The court was asked to rule that the debilitating psychiatric illness suffered by businessman Peter Vernon was not directly caused by his witnessing the immediate aftermath of the tragedy, but by the grief which any parent would feel at the loss of two much-loved children.
In law, no damages were recoverable for grief.
Mr Vernon's children died when his family car, driven by nanny Katherine Bosley, plunged into a fast-flowing river.
Miss Bosley was able to escape through the driver's door window.
But Mr Vernon and his wife, Prue, watched helplessly from the river bank as rescuers struggled vainly to save Philippa, seven, her three-year-old sister, Theresa, their friend, Sophie Beloe and the family labrador, Sheba.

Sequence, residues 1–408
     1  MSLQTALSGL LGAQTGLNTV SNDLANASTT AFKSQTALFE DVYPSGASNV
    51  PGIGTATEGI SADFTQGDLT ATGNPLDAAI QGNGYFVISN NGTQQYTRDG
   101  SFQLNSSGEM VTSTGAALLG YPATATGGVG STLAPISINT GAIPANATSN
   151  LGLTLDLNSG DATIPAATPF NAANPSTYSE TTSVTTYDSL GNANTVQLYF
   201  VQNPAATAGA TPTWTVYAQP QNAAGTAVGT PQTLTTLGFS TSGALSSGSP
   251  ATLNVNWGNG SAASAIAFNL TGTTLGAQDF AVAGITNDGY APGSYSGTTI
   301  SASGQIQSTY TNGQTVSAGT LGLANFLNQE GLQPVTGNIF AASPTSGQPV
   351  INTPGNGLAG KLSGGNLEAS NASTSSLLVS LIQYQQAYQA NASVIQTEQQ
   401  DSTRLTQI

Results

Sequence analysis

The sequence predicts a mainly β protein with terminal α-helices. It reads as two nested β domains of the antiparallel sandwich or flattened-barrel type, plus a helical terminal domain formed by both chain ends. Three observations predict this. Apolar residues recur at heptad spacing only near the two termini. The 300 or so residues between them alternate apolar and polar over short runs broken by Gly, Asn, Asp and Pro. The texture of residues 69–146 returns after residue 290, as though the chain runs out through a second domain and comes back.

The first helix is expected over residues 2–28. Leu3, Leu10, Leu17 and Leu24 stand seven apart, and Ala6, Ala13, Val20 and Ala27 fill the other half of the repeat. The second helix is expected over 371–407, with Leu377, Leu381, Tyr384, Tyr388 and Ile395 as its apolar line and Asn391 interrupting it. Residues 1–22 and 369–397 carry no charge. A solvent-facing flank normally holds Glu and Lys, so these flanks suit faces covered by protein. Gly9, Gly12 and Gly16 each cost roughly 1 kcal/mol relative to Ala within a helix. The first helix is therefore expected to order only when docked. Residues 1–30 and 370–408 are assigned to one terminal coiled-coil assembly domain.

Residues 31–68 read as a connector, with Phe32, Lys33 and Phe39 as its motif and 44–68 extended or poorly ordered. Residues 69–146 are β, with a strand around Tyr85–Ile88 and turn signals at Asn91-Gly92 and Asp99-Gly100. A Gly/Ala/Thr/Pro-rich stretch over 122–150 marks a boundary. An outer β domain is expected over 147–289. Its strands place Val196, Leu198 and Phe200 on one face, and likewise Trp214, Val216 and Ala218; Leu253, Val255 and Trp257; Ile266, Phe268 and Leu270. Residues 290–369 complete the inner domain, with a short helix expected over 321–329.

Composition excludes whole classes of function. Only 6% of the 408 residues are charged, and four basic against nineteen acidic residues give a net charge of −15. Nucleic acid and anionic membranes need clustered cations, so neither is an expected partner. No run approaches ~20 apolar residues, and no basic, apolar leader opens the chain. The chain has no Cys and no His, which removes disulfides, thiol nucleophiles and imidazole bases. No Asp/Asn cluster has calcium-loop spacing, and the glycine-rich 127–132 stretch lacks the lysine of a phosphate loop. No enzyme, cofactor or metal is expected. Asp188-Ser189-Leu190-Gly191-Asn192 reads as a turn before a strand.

A year ago, in the High Court, Mr Justice Sedley said the tragedy, in August 1992, destroyed Mr Vernon's marriage, changed his personality and left him a helpless shadow of his former self.
The compensation he awarded Mr Vernon, now 53, of The Old Rectory, Kingscote, Tetbury, Gloucestershire, was the highest ever for post-traumatic stress disorder (PTSD).
The award, plus costs, was in effect against the insurers of Miss Bosley, who was at the wheel of the family Volvo when it hit the kerb, went out of control and plunged into the river Tawe at Ynys Isaf, Powys.
Yesterday, Dermod O'Brien QC, for the insurers, said that it was conceded that Mr Vernon had been close enough in place and time to a traumatic event which was capable of causing psychiatric damage through shock.
But the defence argued that Mr Vernon would have suffered his illness in any event. This would be in part because of his grief, but also due to other events in his life such as the collapse of his printed circuit manufacturing company in Abercraf, Powys, his failure to find alternative employment, and a head injury he suffered in a car accident.
The appeal hearing, before Lords Justices Stuart-Smith, Evans and Thorpe, is set to last 10 days.Reuse content